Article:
Suggestion for Working With Your Own Emotions
As you wrestle with your emotions this Holy Week, and as our world feels like it’s falling apart, remember that you are not alone. The entire world is wrestling with similar emotions at the same time, and Jesus himself experienced the same emotions. Below are some things you can do as you look to work with your emotions:
Step 1: Identify Your Feelings
Take some time with an emotions list to identify what you are feeling. It is important to use a list like this one, as it is difficult to explore your feelings when you are flooded. The list enables us to zero in on specific things we feel instead of focusing on what is wrong.
Step 2: Explore Why You Feel the Way You Do
Once you have identified what you are feeling, spend some time reflecting why you are feeling that way for each of the emotions you identified. You may want to use a tool to journal your thoughts and feelings to see them outside your mind. I use a digital journaling application dayoneapp.com, but you could use paper and pencil or the notes application on your phone or computer. Seeing what I am thinking and feeling brings clarity.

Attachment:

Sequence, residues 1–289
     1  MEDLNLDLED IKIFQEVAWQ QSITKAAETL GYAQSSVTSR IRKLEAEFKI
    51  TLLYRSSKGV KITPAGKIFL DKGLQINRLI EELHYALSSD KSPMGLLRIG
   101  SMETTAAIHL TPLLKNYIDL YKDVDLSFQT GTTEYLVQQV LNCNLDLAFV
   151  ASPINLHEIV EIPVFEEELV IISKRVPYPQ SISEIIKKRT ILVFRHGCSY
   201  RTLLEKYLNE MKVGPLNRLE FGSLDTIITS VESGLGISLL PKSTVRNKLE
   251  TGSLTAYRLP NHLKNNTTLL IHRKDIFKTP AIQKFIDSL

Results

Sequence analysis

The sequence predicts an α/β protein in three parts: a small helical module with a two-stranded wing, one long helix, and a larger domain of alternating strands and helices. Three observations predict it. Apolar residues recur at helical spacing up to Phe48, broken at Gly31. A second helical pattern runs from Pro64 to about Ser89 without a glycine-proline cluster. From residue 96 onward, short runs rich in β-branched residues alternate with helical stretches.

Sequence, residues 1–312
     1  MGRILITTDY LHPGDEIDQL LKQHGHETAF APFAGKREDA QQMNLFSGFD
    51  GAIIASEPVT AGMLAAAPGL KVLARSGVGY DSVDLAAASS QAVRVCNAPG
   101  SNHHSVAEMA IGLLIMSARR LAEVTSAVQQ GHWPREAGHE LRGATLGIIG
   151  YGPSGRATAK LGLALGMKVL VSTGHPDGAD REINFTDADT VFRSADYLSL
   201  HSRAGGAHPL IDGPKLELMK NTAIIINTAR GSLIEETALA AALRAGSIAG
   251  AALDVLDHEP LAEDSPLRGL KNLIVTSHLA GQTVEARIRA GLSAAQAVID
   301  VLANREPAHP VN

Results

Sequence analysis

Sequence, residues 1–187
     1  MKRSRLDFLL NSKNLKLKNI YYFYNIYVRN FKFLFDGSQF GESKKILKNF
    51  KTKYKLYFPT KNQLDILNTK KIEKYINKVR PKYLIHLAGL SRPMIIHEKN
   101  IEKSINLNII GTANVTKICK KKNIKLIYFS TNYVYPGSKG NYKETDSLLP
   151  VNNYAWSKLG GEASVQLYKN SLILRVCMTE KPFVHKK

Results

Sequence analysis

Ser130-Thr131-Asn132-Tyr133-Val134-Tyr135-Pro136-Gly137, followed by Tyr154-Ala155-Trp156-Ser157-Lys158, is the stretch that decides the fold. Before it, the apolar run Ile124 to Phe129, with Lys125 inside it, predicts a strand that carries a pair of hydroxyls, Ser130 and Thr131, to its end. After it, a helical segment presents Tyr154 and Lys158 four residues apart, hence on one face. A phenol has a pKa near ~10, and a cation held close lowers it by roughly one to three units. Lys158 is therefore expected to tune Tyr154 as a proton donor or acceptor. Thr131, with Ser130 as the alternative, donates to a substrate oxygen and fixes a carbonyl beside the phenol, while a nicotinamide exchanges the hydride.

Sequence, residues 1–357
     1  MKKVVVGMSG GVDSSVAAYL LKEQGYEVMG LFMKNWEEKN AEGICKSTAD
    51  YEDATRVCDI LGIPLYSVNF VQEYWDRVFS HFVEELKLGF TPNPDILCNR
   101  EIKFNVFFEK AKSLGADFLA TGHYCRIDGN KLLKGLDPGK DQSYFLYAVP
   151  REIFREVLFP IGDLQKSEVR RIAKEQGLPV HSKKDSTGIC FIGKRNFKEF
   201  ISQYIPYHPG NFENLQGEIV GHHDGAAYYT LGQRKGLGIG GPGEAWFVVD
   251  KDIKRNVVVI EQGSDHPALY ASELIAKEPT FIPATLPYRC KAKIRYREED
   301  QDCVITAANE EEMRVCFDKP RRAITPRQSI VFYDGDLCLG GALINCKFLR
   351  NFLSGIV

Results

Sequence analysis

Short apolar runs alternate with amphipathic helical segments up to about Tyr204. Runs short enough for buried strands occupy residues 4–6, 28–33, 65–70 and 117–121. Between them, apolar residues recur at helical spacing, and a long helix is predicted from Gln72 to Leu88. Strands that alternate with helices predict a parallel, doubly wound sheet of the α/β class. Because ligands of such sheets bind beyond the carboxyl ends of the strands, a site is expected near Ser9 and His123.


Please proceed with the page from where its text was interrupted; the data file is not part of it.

Step 3: Determine What You Might Need for Comfort
Finally, spend some time thinking about what you might need for comfort in that moment. Think small and practical. Obviously, we would all like this whole pandemic to go away, but that thought will not bring us comfort because it is tied to a solution that is beyond our control. Instead look for ways to connect with others, change your environment, or spend time expressing your feelings to God.
As we reflect on what Jesus did for us on the cross this Good Friday, we must also remember that there was a resurrection three days later, and just as Jesus’ death was not permanent, the situation we are in now is not permanent. Just as Jesus needed to spend time processing his feelings and seeking comfort for them in the midst of his storm, we too should take the same steps he did to process our own emotions and seek comfort from God and others.